Reason in Balance
Reason is the human capacity to make sense of things around us. Using logic, reason considers facts, beliefs, practices and physical stimuli before arriving at a sound conclusion. It is commonly associated with intellect, thinking and cognition. It’s what allows our thought processes to go from one idea to another. It helps us differentiate between what’s true and what’s false, as well as what’s good and what’s bad. It also helps us understand the relationship of cause and effect.
Reason gives us the ability and freedom to understand things in various ways and perspectives, enabling us to possibly change our ideas or beliefs. The way we reason is deeply affected by a lot of factors, such as the cultural group we grew up in, our religious or spiritual beliefs, our education, as well as the past experiences we have had.
In classical philosophy, reason was more important than other human characteristics, giving humans an edge over the rest of the animals. Later, philosophers and scientists started exploring reason and came to different conclusions. Jurgen Habermas, taking Kant’s three critiques model, said that reason can be divided into three spheres: cognitive-instrumental reason, referring to the reason used in sciences; moral-practical reason that is used to deal with subjects in the moral and political areas; and aesthetic reason that can be found in works of art, as a new way of looking at the world and a new form of interpretation of things.
Regardless of what specific sphere it is in, reason works in ways very similar to imagination. Both abilities gather previous perceptions of different things, all acquired through past physical experiences with the world around, and arrive at something different or something new altogether. While imagination can fly away into a completely new world, reason works with the hard facts and arrives at new conclusions using a concrete basis.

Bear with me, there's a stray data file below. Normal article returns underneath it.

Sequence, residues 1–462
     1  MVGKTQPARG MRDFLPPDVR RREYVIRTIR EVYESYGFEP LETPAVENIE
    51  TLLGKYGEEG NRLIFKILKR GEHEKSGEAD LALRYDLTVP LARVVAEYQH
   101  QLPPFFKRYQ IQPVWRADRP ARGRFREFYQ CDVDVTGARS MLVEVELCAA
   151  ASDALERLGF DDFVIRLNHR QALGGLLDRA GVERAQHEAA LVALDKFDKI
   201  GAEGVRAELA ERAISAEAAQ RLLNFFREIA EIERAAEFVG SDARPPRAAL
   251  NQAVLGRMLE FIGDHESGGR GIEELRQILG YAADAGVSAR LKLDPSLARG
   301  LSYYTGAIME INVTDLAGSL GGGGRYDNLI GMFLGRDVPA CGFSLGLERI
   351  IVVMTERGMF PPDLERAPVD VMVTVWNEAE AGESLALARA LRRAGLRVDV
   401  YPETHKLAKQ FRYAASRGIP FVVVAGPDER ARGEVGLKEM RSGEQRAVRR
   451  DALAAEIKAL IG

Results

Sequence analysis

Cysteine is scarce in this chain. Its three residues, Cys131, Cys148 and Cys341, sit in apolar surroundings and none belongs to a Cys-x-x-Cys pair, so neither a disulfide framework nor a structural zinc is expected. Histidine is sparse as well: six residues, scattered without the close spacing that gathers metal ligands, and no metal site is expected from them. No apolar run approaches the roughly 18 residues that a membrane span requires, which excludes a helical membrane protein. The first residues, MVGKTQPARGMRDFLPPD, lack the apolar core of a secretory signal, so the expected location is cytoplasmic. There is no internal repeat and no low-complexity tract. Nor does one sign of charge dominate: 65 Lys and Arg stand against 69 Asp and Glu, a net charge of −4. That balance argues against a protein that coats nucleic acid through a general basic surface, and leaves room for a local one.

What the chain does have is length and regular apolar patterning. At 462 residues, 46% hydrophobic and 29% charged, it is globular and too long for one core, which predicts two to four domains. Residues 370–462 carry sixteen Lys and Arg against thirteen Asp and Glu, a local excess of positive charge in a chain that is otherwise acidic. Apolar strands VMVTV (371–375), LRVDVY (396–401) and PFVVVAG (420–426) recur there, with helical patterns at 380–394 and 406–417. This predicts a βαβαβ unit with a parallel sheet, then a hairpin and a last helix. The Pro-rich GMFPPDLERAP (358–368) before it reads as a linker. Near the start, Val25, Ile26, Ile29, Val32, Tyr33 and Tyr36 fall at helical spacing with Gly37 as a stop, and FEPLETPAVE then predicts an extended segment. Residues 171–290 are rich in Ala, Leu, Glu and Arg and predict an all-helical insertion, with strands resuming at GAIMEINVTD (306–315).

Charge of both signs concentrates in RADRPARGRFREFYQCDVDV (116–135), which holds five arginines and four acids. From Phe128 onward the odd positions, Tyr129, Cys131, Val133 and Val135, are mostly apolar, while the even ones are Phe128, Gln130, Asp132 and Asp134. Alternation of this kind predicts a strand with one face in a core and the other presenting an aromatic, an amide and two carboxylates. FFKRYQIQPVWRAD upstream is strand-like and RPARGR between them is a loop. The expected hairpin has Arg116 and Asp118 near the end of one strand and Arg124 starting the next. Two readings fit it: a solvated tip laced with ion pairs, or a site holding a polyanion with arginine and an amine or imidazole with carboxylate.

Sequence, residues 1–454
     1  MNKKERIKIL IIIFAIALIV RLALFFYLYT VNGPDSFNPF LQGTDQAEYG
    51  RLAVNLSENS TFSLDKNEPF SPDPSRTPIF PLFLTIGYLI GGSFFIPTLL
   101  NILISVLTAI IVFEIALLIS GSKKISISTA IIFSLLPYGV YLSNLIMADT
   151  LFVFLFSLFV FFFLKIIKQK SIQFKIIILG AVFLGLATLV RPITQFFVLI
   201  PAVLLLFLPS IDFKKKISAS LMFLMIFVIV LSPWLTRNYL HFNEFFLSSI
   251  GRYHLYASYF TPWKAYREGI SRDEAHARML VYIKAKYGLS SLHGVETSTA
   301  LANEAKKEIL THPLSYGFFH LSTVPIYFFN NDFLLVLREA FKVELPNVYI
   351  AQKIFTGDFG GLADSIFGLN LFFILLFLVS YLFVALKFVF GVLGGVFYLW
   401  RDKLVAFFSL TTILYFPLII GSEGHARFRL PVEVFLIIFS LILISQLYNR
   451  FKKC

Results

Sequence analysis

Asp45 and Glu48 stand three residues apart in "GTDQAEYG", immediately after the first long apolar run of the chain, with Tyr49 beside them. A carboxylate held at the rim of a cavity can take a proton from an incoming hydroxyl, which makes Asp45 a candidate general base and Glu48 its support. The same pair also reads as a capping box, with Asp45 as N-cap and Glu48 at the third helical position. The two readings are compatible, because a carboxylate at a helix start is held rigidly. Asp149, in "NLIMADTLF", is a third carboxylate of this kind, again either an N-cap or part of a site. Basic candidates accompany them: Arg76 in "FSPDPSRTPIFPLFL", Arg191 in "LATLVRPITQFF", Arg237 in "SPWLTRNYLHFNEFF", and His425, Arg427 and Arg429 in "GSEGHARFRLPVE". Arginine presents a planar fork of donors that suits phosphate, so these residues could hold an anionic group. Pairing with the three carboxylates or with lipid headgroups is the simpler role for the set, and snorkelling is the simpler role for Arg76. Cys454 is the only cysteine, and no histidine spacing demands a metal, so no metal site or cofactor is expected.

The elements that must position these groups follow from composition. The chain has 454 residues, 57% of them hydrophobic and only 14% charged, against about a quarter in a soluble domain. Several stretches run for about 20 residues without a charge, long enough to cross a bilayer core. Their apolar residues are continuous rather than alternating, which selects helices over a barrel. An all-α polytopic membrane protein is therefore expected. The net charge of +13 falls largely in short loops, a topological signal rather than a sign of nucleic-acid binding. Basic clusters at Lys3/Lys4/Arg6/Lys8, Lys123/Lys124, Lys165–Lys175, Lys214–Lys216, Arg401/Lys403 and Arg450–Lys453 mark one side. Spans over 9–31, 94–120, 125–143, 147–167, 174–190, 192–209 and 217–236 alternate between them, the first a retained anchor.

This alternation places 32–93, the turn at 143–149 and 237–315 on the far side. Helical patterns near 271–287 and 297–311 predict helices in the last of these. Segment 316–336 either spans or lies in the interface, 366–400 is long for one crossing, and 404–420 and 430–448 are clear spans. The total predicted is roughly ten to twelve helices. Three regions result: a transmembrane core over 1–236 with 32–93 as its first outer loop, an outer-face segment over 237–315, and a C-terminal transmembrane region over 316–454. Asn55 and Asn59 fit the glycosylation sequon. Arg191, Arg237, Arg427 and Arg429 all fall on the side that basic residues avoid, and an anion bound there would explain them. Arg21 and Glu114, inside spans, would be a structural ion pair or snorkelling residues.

Reasoning, as a logical method, has been used as a thinking logic. It is divided into various areas: deductive reasoning, wherein a conclusion can be drawn from a few established premises; inductive reasoning, wherein something can be inferred based on previous observation; abductive reasoning, which holds no certainty but follows the best explanation for something; analogical reasoning, an incorrect form of reasoning going from one particular concept to another; and fallacious reasoning, which is, simply put, bad reasoning.
Sometimes, we may find ourselves stuck in stagnant decision-making. Although our intellect might tell us that a particular path is the one we should take, our emotions tend to get in the way and try to send us down an entirely different path. Intellect and emotion are experts at going against what we think or believe to be the correct solution to a problem. Add culture, faith, and tradition to emotion and that’s the perfect recipe to further wreak havoc in our indecisive minds. This is where reason steps in. When we are faced with a dilemma, reason pushes us to think things over more seriously and weigh the possible outcome and consequences before choosing a final solution.